1996: Guthrie Award
The Guthrie Award acknowledges outstanding individuals or organizations for their contributions to access to justice and excellence in the legal profession. The LFO created this award in 1996 to honour H. Donald Guthrie who served as a Trustee for 21 years, including 13 years as the Chair. Learn more…
2001: Creation of Pro Bono Law Ontario and the Ontario Justice Education Network
In 2001, the LFO helped to create two exciting new organizations:
- Pro Bono Law Ontario creates opportunities for lawyers to provide free (“pro bono”) legal services to people of limited means and the charitable organizations that serve them.
- The Ontario Justice Education Network strengthens public understanding of the legal system and the administration of justice.
2005: Articling Fellowships
In 2005, the LFO created a program to fund articling student positions at public interest organizations.
Examples of organizations that have received articling fellowships include: Amnesty International, Lake Ontario Waterkeeper, Barbra Schlifer Commemorative Clinic, Association in Defence of the Wrongly Convicted, and Canadian Civil Liberties Association. Learn more…
2005: Roy & Ria McMurtry Endowment
In 2005, the LFO established the Roy & Ria McMurtry Endowment which currently funds two annual scholarships. One scholarship is for youth who have been at risk of being in the criminal justice system, and is administered through the Second Chance Scholarship Foundation. The other is for a student of an Ontario law school, distributed to each school on a rotating basis. Learn more…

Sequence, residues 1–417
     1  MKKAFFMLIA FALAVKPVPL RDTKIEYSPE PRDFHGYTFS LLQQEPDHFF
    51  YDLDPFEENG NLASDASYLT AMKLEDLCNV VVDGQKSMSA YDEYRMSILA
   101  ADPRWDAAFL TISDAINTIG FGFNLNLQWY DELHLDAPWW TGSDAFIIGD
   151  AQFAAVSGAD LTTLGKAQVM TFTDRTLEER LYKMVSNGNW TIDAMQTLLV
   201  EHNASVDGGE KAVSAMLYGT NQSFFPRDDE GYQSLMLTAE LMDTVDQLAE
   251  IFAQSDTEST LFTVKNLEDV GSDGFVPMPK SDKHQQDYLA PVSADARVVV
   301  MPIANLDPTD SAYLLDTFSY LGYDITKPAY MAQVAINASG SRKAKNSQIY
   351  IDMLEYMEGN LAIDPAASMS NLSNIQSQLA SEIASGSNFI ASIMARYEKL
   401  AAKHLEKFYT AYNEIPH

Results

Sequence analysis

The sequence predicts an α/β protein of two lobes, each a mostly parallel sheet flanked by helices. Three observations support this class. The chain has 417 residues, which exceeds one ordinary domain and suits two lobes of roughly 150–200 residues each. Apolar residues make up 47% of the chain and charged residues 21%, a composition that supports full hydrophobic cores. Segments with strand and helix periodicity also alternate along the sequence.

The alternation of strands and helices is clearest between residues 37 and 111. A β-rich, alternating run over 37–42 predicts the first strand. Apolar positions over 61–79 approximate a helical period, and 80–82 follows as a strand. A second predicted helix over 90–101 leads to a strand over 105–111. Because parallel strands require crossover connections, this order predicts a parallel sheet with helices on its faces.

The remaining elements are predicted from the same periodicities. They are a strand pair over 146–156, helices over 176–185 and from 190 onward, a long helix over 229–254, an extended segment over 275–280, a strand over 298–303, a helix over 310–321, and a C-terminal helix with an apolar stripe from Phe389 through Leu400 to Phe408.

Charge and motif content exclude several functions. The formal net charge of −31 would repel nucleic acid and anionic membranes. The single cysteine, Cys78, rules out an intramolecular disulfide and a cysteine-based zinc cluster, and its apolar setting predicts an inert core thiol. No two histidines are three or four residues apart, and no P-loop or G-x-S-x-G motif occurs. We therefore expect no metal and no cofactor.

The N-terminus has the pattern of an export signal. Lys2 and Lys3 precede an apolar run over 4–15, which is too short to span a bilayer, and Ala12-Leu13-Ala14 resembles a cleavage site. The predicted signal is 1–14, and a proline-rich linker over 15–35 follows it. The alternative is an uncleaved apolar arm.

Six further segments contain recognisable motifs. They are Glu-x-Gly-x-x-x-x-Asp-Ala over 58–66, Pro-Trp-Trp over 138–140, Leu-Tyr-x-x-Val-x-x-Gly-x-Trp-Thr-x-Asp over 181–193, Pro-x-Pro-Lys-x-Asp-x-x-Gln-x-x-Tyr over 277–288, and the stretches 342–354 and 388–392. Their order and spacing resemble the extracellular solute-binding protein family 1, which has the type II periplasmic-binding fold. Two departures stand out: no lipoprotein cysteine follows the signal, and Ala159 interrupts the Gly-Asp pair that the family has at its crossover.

2006: Community Leadership in Justice Fellowships
In 2006, the LFO created the Community Leadership in Justice Fellowships. This program funds two community leaders for a sabbatical at a post-secondary institution. This enables the Fellow, the academic institution, and the public interest organization to pursue ways to address distinct and challenging aspects of the law and the justice system. Learn more…
2006: Law & Innovation Fund
The LFO expanded its outreach with the creation of a one-time Law and Innovation Fund. The aim was to fund projects to address critical gaps facing disadvantaged population groups, enabling them to better understand and act on their legal rights. The LFO solicited applications from across Ontario that related to six themes:
- The working poor
- Victims of domestic violence
- Aboriginal peoples
- People with mental health challenges
- People who speak neither official language
2007: Law Commission of Ontario
The LFO worked with the Ministry of the Attorney General, Osgoode Hall Law School, and the Law Society of Upper Canada to create the Law Commission of Ontario. Its mandate is to recommend law reform measures to make the law accessible to all Ontarians. Learn more…
2007: Debt Repayment Assistance Program
The Debt Repayment Assistance Program helped law school graduates who had made a commitment to careers in public interest law. During each year of this five-year program, one graduate from each of Ontario’s law schools was eligible to receive $30,000 over a three-year term to help repay educational debt. This enabled them to follow career paths in public interest settings that paid less than private practice. The LFO committed nearly $1M during the life of the program.
2008: Inclusion of Paralegals